President of Russia Dmitry Medvedev: Ravil Faritovich, we will be having a meeting today regarding the socio-economic development of the Trans-Baikal Region – a new subject of the Russian Federation, a large subject, and naturally, a subject that has all the merits as well as many of the problems that are inherent to our country.
We must pay particular attention to problems relating to the financial challenges which have become more complicated for our country today and relate to current social problems, because there are many instances of people losing their jobs.
In order to mitigate these kinds of problems, you and I have agreed to deal with issues of providing people with jobs, creating new jobs, including in small businesses. In order to resolve large-scale problems, it is imperative to also develop major infrastructure projects, which is something else that we have been giving attention to.
You have some good projects underway. Today, of course, our challenge is to try to finish what we have started and to prepare for new projects, even in this context of hardship in the financial sector.
So let us talk now about the problems to be discussed at our meeting, and we will be able to look at other additional decrees and separate matters together with our other colleagues at the meeting.
Governor of Trans-Baikal Region Ravil Geniatulin: Dmitry Anatolyevich, thank you very much for finding the time in your very busy schedule to come to our region, this central region between the Far East, Siberia, and Trans-Baikal Region.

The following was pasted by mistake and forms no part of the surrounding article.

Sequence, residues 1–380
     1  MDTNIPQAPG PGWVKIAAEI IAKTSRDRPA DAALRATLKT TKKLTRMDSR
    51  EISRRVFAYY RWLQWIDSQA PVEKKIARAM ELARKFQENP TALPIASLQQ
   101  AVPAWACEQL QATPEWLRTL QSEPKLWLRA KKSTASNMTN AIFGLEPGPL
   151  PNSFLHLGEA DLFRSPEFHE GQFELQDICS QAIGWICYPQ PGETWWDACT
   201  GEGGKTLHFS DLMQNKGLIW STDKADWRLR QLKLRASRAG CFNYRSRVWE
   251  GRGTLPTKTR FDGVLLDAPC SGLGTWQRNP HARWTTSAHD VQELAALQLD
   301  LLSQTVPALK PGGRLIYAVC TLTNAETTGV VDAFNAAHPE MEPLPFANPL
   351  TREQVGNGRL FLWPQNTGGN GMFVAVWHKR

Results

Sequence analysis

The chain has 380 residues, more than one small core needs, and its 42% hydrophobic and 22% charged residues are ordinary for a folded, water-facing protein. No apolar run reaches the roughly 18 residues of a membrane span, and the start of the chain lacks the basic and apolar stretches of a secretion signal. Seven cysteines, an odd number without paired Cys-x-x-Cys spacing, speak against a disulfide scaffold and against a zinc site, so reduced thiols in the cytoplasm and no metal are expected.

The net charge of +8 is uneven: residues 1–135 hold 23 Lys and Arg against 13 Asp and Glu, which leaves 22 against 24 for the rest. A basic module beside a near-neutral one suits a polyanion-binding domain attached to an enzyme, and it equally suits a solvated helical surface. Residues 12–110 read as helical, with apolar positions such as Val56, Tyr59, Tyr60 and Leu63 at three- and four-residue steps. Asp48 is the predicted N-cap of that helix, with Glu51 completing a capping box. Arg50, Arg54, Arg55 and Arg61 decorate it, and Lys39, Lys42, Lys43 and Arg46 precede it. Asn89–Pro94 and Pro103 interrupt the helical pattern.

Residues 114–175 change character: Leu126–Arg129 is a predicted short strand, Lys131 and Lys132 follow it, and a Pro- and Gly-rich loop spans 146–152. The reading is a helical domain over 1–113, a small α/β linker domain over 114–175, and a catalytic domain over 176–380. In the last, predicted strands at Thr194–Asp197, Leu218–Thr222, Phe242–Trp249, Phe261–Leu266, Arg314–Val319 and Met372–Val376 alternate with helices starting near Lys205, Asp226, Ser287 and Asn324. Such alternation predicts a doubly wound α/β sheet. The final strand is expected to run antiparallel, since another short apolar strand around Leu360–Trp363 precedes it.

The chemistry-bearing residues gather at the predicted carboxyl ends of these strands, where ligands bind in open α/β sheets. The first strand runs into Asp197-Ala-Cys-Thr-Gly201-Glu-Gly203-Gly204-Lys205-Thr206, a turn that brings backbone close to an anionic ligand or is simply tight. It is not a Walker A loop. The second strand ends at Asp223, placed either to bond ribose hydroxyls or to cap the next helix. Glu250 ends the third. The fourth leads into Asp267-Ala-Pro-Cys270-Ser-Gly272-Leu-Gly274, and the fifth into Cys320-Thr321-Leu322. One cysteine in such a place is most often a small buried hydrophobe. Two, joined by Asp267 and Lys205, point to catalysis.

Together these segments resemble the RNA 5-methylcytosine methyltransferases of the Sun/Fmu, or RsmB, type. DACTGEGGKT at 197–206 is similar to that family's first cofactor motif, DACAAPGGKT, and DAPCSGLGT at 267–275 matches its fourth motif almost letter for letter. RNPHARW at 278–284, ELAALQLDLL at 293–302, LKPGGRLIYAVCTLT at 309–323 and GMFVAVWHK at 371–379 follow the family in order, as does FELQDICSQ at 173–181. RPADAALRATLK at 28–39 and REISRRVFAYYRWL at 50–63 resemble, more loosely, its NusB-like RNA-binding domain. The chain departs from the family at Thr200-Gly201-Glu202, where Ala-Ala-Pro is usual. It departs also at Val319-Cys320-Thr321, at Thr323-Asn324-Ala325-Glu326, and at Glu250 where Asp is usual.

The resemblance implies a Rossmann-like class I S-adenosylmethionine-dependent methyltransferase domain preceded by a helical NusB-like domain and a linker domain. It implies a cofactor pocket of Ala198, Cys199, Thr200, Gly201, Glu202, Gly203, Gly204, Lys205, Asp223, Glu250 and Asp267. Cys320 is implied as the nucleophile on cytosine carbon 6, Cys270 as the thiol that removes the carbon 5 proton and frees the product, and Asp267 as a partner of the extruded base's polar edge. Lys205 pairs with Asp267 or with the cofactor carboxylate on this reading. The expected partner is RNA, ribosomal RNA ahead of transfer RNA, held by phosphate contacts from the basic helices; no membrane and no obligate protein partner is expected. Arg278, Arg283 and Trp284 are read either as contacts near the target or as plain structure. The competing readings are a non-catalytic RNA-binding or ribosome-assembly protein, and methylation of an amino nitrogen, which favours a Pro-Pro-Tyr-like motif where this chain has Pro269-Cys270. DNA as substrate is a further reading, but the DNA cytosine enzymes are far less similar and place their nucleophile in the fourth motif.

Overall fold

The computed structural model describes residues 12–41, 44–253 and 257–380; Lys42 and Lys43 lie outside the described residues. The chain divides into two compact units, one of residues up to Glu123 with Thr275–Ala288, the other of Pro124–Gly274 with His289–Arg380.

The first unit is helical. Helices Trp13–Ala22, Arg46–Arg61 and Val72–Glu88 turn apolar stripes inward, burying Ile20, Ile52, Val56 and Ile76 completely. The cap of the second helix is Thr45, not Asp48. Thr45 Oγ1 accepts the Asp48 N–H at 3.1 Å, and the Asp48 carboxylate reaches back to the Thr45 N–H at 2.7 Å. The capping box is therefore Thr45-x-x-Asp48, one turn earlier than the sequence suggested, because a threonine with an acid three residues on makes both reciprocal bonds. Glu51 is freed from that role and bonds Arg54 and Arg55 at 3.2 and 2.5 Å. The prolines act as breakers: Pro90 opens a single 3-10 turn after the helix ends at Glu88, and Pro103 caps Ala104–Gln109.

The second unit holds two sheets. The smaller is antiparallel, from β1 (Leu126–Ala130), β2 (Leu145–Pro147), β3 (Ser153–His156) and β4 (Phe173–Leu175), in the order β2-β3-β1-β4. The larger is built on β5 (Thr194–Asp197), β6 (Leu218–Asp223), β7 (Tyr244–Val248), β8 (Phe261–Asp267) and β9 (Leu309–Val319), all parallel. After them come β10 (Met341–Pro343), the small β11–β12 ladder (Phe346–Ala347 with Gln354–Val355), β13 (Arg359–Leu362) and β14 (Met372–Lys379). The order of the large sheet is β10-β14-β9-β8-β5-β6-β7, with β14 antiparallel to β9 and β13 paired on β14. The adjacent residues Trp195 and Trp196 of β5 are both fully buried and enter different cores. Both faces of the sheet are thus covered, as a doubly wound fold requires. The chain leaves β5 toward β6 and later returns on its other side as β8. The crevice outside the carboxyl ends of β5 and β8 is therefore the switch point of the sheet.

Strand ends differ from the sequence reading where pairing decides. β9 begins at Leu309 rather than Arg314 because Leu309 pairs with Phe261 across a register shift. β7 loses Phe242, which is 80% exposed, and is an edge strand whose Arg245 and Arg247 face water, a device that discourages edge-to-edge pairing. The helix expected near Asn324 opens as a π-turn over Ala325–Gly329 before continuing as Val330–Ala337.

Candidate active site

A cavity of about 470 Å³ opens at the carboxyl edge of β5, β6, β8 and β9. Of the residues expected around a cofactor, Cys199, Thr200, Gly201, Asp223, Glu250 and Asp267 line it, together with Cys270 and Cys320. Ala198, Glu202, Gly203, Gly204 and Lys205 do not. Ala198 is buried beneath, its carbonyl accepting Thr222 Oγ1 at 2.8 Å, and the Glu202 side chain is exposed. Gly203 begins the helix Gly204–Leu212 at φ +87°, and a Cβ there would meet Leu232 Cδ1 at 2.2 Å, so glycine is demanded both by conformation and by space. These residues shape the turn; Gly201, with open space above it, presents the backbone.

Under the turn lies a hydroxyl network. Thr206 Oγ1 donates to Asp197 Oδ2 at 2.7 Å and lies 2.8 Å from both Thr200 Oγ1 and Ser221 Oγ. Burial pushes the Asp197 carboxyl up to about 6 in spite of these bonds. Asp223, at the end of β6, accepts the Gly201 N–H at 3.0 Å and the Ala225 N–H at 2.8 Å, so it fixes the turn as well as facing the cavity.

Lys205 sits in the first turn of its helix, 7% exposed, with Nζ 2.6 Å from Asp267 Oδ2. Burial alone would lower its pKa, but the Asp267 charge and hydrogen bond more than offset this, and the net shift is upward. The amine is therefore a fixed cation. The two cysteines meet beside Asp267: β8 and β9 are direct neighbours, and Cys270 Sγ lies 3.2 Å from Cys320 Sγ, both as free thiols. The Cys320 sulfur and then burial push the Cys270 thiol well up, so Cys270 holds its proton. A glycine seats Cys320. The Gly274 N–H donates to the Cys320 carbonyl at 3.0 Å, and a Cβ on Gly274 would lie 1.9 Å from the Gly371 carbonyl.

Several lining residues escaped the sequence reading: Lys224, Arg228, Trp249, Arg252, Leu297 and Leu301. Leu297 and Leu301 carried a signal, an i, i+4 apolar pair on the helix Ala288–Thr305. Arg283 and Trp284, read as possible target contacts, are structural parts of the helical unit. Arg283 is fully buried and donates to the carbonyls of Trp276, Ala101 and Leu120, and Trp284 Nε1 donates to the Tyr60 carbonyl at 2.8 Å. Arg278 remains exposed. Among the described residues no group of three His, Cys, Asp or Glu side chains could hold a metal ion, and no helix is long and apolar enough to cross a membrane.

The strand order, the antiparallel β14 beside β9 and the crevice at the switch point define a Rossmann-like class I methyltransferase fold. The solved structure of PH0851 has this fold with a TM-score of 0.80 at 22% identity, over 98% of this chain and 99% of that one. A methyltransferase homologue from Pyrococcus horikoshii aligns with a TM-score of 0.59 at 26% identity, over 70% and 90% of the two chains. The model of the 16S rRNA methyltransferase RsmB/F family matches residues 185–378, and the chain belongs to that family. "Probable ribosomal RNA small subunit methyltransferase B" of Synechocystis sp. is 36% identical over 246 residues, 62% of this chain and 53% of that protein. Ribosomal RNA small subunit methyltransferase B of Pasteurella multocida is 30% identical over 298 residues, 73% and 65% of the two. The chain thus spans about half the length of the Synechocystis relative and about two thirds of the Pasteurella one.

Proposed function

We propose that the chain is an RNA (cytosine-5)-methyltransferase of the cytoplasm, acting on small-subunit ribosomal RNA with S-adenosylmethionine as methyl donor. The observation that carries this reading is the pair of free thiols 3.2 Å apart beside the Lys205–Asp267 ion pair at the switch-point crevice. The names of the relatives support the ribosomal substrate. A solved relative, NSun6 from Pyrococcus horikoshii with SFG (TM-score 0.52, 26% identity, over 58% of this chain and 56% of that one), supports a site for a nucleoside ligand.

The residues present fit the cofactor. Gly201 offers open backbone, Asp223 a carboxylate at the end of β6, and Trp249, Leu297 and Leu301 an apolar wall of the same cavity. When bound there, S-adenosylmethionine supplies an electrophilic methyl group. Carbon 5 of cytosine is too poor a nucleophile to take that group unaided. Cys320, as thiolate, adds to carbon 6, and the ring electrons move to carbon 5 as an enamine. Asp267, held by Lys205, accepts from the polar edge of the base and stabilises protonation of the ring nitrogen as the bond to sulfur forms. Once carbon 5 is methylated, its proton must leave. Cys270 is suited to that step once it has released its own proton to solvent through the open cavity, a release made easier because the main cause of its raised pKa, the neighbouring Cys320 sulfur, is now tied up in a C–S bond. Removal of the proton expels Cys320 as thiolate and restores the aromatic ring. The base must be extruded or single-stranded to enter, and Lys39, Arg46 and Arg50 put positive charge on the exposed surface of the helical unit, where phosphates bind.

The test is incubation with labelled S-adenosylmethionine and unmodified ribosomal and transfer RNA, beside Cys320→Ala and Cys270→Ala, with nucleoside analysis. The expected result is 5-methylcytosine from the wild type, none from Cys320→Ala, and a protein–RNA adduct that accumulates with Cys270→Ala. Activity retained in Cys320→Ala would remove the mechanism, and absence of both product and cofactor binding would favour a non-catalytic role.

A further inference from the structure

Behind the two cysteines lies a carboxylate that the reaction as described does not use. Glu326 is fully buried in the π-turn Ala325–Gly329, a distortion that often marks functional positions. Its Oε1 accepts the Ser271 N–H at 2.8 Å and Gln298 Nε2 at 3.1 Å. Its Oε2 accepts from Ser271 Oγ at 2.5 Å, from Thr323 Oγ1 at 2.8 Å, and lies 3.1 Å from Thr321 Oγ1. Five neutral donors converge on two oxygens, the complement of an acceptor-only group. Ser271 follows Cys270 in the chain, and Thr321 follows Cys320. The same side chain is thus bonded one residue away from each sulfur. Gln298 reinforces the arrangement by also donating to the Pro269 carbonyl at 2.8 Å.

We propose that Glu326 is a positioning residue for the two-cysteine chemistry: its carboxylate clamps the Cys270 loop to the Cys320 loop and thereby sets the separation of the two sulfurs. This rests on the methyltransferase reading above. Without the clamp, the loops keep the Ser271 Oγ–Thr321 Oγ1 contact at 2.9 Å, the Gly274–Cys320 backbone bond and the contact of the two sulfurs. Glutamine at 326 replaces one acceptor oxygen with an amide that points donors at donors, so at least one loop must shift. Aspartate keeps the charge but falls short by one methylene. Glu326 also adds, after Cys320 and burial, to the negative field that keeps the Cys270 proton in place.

We have indeed done a lot, but a lot still remains to be done in order to resolve socio-economic problems. You very rightly noticed that we are a new federal subject, and I would like to inform you with great satisfaction that just two days ago, we had an event that is probably very important: even before the end of our transition period, we have approved the Charter of our Region.
Dmitry Medvedev: You can work on a legal basis, congratulations.
Ravil Geniatulin: Beginning on March 1, the Charter will go into effect.
We do indeed have major infrastructure projects. The implementation of one of them, for example, involves the development of the south-eastern part of our Region. There, we are constructing a railroad with the help of the National Investment Fund, and we will also be constructing five very large integrated plants (today, we have already called on an additional three thousand workers). Furthermore, we will have about an equal number of jobs at related enterprises, so in this situation, this project is extremely important for us.
Our territory is truly very rich in mineral resources, but they are difficult to tap, because in order to do so, we need funding, people, and effective investors. Nevertheless, we are conducting this work.
(Next, Ravil Geniatulin talked about what is being done in the Region to support small businesses and the rural population.)